In the Philippines, countless are preparing to honor the victims of Super Typhoon Haiyan, which cut a 30-mile-wide swath of destruction in the Philippines on Nov. 8, 2013. Haiyan (or Yolanda as it is locally known) claimed at least 6,300 lives and left millions without food, clean water and shelter.
Three Catholic journalists and I spent five days interviewing those most affected by the typhoon in Manila and in the Island of Leyte. This was part of a Catholic Relief Service (CRS) reporting fellowship. The purpose of the fellowship was to see the aftermath of the typhoon and the recovery process the people of the Philippines are still undergoing, and to report on how climate change is affecting the poor and most vulnerable.
Though the rebuilding process has been relatively fast, everywhere we went we could see the marks of the devastation caused by Typhoon Haiyan. This was apparent when driving from Tacloban, in Leyte, to the neighboring towns, where amid new buildings and informal settlements, we could see mass graves where hundreds of people were buried in the days following the typhoon.
In the case of the communities in Tacloban and Palo, many heard the warning of a “storm surge” on TV without understanding what it meant since typhoons in that area only brought wind and rain – this was the first time a storm surge occurred there. The water from the two sides of the shores flooded streets, sometimes going up to six or seven meters high. Those who had a two-story building, or trees nearby, tried swimming to safety. Others were not able to survive.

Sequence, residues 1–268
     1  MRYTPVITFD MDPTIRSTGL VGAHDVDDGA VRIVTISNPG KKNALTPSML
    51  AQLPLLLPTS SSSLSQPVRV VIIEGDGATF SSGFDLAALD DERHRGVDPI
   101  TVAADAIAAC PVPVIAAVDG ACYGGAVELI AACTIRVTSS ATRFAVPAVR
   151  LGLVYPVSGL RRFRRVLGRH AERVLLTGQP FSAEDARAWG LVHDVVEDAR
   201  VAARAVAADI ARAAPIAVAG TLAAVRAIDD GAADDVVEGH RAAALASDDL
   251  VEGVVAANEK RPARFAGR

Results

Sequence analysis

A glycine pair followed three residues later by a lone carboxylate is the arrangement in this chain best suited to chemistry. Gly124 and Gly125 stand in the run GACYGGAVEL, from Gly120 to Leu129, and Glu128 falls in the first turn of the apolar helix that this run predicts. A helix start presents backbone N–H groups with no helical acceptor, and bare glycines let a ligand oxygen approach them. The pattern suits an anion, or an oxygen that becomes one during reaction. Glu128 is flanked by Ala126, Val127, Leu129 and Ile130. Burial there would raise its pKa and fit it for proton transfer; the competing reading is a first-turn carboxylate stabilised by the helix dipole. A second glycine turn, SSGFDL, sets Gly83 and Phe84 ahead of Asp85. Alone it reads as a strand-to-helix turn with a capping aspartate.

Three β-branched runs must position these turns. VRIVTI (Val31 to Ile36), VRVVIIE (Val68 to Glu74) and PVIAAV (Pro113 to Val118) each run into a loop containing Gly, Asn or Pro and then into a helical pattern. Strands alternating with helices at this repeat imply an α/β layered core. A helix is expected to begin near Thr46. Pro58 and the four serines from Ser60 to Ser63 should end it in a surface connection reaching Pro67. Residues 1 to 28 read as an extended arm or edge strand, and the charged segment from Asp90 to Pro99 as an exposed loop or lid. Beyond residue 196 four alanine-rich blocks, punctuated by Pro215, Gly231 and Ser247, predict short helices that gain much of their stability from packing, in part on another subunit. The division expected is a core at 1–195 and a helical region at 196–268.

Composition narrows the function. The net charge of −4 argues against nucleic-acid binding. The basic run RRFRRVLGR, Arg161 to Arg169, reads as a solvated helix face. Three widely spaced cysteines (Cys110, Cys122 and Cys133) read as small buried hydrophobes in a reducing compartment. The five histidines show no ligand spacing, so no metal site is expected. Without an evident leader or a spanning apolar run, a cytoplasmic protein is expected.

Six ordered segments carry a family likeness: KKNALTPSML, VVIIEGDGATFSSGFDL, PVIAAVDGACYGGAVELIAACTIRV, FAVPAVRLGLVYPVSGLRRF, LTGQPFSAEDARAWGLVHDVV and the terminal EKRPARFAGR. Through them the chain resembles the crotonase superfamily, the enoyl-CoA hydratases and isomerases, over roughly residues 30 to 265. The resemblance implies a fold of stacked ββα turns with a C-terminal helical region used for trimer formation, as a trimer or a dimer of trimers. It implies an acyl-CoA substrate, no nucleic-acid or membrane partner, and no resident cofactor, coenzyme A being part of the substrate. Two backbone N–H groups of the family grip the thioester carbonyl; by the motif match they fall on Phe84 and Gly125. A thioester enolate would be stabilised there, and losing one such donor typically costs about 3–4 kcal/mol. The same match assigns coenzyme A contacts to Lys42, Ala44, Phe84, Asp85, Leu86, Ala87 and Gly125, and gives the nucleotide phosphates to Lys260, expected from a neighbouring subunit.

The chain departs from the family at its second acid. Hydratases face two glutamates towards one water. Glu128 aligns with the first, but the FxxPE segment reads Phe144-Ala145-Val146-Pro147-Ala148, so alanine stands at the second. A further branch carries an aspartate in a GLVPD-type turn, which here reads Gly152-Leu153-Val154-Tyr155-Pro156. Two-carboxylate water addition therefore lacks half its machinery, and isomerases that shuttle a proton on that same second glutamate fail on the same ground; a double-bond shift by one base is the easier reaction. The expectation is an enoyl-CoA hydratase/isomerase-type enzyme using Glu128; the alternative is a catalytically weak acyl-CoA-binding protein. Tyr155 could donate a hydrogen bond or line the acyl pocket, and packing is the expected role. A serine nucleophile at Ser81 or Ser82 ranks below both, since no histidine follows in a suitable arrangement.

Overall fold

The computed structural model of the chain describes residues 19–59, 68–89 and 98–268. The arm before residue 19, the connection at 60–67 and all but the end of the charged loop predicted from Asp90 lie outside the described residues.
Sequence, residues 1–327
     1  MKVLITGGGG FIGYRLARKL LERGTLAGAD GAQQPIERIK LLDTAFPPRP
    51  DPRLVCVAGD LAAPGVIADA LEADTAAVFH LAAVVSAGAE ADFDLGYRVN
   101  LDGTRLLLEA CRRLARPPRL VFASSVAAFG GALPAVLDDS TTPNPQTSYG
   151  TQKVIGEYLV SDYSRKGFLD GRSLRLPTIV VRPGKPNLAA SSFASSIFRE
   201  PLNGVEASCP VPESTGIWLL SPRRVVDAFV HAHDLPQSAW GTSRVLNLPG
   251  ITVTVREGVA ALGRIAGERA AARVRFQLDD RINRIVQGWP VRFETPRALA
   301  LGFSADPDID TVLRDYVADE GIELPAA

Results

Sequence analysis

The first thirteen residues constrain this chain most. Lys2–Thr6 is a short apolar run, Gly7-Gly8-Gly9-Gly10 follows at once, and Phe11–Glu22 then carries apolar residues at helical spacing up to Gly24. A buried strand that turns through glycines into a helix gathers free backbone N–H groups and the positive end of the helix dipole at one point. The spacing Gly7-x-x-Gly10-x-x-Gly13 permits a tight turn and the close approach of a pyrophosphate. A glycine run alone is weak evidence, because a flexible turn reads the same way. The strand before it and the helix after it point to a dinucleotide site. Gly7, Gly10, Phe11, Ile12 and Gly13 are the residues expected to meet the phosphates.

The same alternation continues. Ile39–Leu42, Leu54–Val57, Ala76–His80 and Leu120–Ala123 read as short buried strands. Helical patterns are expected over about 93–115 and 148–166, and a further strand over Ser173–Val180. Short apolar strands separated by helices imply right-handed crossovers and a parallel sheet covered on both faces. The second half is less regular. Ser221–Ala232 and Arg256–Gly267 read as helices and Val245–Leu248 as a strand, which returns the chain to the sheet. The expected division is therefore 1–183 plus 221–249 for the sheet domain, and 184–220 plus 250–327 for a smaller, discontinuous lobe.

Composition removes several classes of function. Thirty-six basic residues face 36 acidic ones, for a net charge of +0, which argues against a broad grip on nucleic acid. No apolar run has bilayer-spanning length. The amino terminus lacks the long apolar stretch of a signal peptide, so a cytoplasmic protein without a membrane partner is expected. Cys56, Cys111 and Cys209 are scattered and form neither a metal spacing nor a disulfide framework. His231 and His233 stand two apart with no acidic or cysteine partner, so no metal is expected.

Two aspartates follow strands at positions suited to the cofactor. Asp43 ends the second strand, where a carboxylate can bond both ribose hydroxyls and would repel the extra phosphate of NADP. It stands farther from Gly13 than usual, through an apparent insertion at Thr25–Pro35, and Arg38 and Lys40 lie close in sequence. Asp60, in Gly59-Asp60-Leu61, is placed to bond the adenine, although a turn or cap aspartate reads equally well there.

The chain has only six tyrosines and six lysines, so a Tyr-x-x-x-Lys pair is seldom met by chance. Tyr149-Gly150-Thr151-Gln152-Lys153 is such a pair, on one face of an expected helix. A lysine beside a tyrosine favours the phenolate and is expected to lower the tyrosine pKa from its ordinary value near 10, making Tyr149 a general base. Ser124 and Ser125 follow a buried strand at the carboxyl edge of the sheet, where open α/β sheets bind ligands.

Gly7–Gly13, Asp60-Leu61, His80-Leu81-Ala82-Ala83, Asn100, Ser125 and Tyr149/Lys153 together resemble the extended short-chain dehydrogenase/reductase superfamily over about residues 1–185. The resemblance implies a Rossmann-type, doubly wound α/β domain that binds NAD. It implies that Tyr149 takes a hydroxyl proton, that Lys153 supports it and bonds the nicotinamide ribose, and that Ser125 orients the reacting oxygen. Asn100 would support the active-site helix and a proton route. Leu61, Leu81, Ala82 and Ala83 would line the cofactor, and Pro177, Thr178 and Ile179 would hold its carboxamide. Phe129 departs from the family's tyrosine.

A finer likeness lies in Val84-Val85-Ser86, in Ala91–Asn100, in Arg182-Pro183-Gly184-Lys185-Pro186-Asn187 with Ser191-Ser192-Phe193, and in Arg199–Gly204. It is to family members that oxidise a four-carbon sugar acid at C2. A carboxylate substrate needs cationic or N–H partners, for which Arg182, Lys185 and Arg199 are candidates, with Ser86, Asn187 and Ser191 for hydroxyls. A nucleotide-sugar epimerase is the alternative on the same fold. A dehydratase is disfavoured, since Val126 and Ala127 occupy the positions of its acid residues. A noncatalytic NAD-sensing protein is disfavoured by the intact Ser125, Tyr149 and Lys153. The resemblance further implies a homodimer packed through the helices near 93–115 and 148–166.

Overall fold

The biggest toll of Haiyan has been on the people who lost loved ones, homes and, often, their ways to provide for their families.
Even before the typhoon made landfall, the poverty levels in parts of the region were high, with most relying on agriculture or small-scale commerce as their source of income. After the storm, farmers lost their crops, livestock and small businesses. Coconut farmers, for example, had their livelihoods wiped out along with the trees and are now working with CRS to diversify their crops as they face an extended drought due to El Nino.
In one of the barangays by Tacloban City, a CRS beneficiary had pulled up as many people as he could into the second floor of the barangay hall while Typhoon Haiyan caused the storm surge. The 19 adults and children on the second floor hung from the roof beams for three hours, praying to God and singing to the Divine Child Jesus until the waves finally relented. Now, that community is focusing on improving its sanitation to prevent floods and is creating an emergency preparedness plan for the next typhoon.
Time and time again we were in awe at the resilience, faith and strength of the survivors. Many of the stories focused on the strides toward rebuilding their lives.
We could also see how Catholic Relief Service, with the support of the U.S. Catholic Church, has been working tirelessly with the local church, the government and barangay leaders to help the communities to recover and to be prepared for the changing weather patterns affecting them.
During this reporting trip, we saw the results and ongoing efforts in response to Typhoon Haiyan while meeting with local government representatives, climate experts and church leaders.
The most meaningful part of the trip, though, was the chance to speak with people who have been affected by Haiyan and the increasing intensity of typhoons.
Like the other reporters, I felt overwhelmed by the scale of the disaster that left 7,350 people dead or missing and affected 12 million people. Putting faces to these numbers made their stories resonate amid the different news items in the 24/7 news cycle. I was also humbled and overwhelmed by the resilience and kindness of the community members who had the courage to move forward and help others.
In the next few weeks The Tablet newspaper will publish some of the stories of these inspiring people, many of whom still need help. I just pray my reporting can do justice to their experiences.